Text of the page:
Food systems represent a substantial impact on commerce, resources, and the health of an organization's constituents. The production of food can have direct negative impacts on air quality, drinking water, and health through exposure to pesticides and other chemicals.
In the month of September, 2013, almost 20,000 paper to-go boxes were used. Don't go paper, go Green Box.
In 2013, the Waves Cafeteria introduced the Green Box, a sustainable alternative to the paper to-go containers. Instead of the disposable, paper containers, the Green Box is made of sturdy, reusable plastic. To use a Green Box, find one in the Cafeteria or request one, then pay for your box at the register. Once you've used the Box, return it to the receptacle located next to the tray carousel in the Cafeteria. The receptacle will, in turn, give you a token, which you can use to get your next Green Box.
Organic food-produced without the use of pesticides, preservatives, or fertilizers emphasizes conservation and the use of renewable resources to enhance environmental quality. Pepperdine's food services vendor, Sodexo, offers several organic options including "grab and go" organic snacks, food bars, and juices. Sodexo has been expanding its purchasing of organic items, focusing primarily on produce.
Buying food locally can help reduce fossil fuel consumption and the need for preservatives, by decreasing the distance from field to table. It also supports local economy and business, giving Pepperdine and its students a closer connection to the people and place surrounding them. Currently, 38% of the food offered in the cafeteria comes from local sources.
Consumption of animal products stands to be one of the most crucial environmental issues of our time. Production of food from animals is much less efficient than the production of vegetables, grains, and fruits due to the amount of land, energy, and resources required to raise livestock. To produce one quarter-pound hamburger requires 6.7 pounds of grain and forage, 52.8 gallons of water, 74.5 square feet of land, and 1,036 BTUs for food production.
As a university committed to sustainability, Pepperdine must also be a university committed to healthy, sustainable food practices. As such, Sodexo provides vegetarian options at every meal. Currently, 20% of all meals served in the cafeteria are vegetarian.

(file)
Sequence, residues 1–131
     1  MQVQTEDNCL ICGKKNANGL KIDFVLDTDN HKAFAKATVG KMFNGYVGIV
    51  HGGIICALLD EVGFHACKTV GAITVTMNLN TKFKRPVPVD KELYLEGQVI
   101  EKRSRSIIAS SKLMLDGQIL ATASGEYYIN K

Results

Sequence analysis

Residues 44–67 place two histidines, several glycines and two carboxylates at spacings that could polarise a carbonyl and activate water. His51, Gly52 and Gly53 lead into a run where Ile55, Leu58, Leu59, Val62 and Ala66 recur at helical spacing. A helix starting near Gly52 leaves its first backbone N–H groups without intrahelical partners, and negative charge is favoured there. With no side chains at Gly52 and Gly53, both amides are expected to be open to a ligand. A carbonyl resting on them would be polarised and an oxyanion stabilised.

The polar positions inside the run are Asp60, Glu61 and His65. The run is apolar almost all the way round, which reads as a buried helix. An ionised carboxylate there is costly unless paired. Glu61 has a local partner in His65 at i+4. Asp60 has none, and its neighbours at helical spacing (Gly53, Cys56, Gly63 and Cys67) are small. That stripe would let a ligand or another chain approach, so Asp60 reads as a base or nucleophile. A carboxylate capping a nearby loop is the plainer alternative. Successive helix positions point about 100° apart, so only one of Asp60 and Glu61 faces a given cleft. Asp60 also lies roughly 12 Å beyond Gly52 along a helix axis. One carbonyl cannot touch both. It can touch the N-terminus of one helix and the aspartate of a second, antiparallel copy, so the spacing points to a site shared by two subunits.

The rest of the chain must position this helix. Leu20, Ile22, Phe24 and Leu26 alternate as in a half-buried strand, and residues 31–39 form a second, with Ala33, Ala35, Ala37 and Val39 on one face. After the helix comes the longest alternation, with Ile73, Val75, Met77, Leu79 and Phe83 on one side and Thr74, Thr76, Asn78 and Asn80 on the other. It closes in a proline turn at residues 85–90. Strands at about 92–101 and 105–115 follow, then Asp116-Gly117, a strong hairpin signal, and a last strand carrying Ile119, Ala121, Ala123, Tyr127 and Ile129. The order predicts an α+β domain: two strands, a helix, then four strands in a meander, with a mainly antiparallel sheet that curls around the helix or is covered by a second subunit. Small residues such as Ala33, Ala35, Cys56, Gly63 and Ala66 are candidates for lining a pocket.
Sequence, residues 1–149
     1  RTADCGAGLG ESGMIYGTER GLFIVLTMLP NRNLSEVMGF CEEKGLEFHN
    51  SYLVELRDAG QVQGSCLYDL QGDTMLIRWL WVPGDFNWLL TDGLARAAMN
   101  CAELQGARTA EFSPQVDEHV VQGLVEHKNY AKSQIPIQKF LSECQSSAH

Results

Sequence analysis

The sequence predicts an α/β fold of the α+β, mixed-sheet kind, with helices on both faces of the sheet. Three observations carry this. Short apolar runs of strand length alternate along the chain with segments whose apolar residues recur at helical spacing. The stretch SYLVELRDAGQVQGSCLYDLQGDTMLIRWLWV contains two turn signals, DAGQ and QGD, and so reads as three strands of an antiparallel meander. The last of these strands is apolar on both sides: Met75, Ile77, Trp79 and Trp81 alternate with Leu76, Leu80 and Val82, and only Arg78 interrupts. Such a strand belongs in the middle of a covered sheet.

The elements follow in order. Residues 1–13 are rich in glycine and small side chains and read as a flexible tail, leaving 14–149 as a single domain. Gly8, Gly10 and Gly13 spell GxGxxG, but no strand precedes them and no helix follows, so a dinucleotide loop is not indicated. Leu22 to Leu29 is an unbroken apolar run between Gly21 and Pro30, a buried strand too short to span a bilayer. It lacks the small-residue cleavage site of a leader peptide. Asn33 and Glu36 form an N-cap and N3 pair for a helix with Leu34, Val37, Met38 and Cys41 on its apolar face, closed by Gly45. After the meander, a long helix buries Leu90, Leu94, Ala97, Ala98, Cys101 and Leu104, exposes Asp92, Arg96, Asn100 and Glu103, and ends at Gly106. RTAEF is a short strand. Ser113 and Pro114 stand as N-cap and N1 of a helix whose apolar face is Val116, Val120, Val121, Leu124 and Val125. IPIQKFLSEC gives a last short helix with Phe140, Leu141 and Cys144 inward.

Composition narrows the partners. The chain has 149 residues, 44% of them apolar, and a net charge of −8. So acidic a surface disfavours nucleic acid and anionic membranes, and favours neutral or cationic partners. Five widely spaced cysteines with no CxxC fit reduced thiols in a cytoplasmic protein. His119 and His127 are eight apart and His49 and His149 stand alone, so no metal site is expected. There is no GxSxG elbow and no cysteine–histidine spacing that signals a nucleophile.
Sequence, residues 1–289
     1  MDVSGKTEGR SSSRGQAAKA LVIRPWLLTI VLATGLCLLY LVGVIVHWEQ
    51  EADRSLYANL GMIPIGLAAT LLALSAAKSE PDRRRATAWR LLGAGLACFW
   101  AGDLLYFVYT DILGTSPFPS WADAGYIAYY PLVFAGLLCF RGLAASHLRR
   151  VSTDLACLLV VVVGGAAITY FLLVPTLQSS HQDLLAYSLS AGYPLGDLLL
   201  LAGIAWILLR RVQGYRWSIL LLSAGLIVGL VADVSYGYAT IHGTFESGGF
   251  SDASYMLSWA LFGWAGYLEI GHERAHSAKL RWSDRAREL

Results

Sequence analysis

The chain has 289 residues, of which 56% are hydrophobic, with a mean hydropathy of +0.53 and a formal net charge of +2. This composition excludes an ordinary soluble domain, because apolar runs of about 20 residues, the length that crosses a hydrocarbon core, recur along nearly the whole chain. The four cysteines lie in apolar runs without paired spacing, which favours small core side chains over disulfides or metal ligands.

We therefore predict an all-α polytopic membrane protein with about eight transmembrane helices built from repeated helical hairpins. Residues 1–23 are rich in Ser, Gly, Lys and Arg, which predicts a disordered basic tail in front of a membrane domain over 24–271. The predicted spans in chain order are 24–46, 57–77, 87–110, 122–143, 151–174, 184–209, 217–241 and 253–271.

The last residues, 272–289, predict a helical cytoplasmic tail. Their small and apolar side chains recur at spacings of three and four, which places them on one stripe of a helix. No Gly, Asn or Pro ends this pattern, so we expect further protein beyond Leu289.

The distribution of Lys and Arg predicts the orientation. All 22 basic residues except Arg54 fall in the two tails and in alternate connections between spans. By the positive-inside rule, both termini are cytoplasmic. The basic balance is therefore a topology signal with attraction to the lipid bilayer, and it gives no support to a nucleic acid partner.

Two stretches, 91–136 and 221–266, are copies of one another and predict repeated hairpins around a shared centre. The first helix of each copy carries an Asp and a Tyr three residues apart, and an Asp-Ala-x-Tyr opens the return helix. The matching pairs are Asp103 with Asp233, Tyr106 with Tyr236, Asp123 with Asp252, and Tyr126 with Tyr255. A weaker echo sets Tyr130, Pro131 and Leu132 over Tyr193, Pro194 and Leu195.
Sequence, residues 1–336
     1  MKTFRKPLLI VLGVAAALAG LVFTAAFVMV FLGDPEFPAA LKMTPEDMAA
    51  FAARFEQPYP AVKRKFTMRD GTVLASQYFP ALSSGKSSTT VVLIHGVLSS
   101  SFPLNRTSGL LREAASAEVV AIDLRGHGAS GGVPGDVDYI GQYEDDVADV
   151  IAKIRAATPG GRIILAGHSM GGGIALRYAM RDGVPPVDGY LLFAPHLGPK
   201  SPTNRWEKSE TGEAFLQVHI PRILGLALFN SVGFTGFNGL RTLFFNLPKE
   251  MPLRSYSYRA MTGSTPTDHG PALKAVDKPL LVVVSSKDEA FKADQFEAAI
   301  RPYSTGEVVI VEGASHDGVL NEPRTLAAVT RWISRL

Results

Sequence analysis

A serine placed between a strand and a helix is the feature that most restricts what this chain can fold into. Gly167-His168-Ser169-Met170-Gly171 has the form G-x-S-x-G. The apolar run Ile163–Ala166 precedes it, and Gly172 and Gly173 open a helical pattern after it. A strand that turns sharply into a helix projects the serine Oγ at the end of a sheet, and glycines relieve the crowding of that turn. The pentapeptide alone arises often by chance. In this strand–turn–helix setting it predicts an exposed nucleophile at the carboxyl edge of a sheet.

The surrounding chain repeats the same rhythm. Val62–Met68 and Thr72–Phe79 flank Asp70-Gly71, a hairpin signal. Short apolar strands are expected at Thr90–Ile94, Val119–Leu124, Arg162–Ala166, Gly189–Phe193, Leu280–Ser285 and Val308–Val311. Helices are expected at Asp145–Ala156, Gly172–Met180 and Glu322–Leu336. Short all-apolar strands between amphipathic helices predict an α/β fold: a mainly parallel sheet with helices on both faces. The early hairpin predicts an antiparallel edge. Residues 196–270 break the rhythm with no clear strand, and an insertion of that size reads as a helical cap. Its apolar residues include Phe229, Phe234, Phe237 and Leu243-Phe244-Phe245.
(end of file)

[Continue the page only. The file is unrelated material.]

Local & Organic Fresh Produce Boxes Available at Pepperdine
In order to provide our community additional healthy food options, Pepperdine University is proud to partner with Farm Fresh To You, which provides local organic produce from a farm in the Imperial Valley. Local food reduces the vehicle miles traveled and supports your local community, while organic ensures there are no chemicals polluting water systems or your body. Moreover, the produce is only seasonally available so you are eating the way nature intended with lots of variety in your diet. The produce is fresh, picked daily, and arrives at Pepperdine University every Wednesday. You can customize the selection of fruits and veggies as well as the frequency of your pick-up from weekly to monthly. Order directly through their website: www.farmfreshtoyou.com and use promo code: 4866.
Reduction in Waste
Pepperdine utilizes a point system for students to buy their meals throughout the year, instead of an open buffet style, significantly reducing the amount of food waste. Dining services provides non-disposable plates and cutlery thereby minimizing the use of disposable items. Users of our dining facilities are encouraged not to take disposable containers and cutlery unless they are taking their meals off-site.
Reusable water bottles are sold in the Malibu bookstore to encourage students not to use disposable cups. Styrofoam is prohibited throughout campus and has been replaced by biodegradable to-go containers and ecotainers. Pepperdine also uses 100% recycled janitorial products.
Food Waste Composting and Recycling
Pepperdine's trash vendor, Crown Disposal, composts materials from the refuse produced in the cafeteria. The extensive sort process pulls out recyclables and other refuse leaving only the food waste. Recyclable items are then recycled, and the resulting food waste is sent to Crown Disposal's composting site.